Mayor John Tory stands firm on low taxes in the face of massive budget shortfall, declining city services, and growing public-sector employment.
Last week, I sat down for a lengthy conversation with Tory, who was being interviewed on the weekend by the CBC. As the interviewer was wrapping up, he asked the mayor a question: “But what about the cost of your own services?”
Tory stared at his cell phone. “I’ve got to get back to that,” he said.
In the intervening months, Tory’s office had to deal with many crises, ranging from the city’s growing debt to the public perception of the city. As he faced the next challenge, he responded by reiterating the city’s fundamental belief in the importance of city governments remaining sustainable and fiscally responsible. But Tory knows that such a position will not play well for many voters, particularly those who have felt the squeeze in recent years.
Tory’s answer to the CBC anchor is not, however, a complete break from his past. The mayor has always maintained that the only way to address the city’s staggering debt is to find new ways to raise revenue. In fact, his own staff has spent the past two years developing a new tax to help pay for the water treatment plant.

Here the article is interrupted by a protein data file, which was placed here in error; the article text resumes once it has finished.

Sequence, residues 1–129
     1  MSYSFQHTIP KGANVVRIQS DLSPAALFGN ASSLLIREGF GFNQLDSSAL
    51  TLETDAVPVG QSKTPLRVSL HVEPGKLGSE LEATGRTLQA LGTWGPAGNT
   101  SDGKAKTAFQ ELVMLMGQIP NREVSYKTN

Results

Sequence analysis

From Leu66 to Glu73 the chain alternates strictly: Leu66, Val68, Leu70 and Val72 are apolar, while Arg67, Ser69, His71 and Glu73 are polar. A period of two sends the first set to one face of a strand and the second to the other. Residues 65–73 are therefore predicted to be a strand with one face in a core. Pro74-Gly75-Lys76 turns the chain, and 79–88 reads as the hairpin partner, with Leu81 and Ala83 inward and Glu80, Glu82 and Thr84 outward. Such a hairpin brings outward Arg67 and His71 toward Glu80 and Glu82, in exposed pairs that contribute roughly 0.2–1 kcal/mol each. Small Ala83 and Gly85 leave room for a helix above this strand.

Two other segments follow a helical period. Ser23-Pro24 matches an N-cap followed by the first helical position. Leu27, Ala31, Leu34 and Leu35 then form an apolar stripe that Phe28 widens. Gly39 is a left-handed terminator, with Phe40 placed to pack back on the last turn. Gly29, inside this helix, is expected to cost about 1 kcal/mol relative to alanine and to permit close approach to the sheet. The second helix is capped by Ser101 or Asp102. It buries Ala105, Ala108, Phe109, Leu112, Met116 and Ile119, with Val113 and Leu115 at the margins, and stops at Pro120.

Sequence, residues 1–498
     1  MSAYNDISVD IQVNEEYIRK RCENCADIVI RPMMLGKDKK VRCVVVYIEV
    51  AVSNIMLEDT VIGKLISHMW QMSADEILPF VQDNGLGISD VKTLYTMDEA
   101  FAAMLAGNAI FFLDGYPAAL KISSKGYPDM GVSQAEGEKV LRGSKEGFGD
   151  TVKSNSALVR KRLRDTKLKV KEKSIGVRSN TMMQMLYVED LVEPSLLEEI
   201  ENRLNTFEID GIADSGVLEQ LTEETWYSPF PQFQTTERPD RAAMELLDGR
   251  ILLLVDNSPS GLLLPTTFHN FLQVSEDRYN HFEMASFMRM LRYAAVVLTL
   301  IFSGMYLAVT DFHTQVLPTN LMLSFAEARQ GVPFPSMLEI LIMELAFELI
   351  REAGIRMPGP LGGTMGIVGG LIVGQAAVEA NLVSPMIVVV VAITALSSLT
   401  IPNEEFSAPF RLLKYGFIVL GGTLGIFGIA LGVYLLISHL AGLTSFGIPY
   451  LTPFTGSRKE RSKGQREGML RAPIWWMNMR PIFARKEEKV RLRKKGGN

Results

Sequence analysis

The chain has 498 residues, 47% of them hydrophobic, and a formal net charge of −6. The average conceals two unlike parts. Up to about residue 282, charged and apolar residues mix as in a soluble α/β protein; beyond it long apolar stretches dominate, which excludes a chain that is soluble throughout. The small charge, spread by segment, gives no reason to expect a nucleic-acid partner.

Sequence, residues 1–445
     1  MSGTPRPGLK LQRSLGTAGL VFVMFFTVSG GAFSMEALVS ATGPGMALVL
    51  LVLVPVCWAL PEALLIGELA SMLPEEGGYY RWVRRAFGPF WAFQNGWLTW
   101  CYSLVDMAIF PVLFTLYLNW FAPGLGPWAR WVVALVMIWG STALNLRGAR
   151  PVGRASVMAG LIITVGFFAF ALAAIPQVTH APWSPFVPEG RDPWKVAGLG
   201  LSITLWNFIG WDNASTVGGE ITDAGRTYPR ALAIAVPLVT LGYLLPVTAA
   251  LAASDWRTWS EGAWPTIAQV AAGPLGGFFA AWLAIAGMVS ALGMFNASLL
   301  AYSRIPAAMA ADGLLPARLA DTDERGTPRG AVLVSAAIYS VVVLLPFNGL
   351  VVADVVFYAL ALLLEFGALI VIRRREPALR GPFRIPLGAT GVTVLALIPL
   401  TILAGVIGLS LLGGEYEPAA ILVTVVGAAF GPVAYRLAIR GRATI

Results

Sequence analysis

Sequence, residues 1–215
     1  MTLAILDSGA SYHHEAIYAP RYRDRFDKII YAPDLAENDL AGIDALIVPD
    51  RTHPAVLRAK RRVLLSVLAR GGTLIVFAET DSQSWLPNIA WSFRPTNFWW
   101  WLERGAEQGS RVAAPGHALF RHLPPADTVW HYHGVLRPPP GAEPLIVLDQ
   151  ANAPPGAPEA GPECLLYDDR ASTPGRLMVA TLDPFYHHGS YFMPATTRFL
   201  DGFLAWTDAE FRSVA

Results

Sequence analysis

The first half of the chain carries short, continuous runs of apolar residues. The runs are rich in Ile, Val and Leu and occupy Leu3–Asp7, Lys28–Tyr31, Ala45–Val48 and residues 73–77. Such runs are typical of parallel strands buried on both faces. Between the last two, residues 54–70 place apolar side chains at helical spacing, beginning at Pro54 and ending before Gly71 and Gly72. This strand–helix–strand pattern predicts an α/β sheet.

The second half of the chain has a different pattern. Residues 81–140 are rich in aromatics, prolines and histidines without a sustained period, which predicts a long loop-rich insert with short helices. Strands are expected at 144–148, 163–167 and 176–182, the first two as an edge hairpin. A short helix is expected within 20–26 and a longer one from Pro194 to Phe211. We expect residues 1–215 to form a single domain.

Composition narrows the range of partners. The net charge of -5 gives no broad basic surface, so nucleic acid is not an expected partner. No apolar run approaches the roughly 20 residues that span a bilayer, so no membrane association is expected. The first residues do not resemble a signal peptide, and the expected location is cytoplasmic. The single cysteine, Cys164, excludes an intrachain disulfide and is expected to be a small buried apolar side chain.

Still, what has been striking about Tory’s answer to the CBC anchor is how directly it mirrors what he said in the summer, as Ontario’s new government moved to layoff thousands of public service workers (it was later cancelled).
“We need to get people back to work, to provide vital services that are essential to our daily lives and to protect the tax base. That requires a public sector that is efficient, responsible and sustainable,” Tory said.
“Those are the only ways to deal with our debt. To be fiscally responsible means not borrowing money. You have to have a balance between what you have and what you can afford.”
“That’s why we’re saying no to all the tax increases that the current government has proposed. The goal of the council and the mayor is to preserve the tax base.”
He then spoke directly about the city’s debt, which is now over $10 billion, or three times what was incurred when city council adopted a half-a-cent tax on each bottle of ice cream and soft drink sold within Toronto.
“It’s hard to believe anything the mayor says as he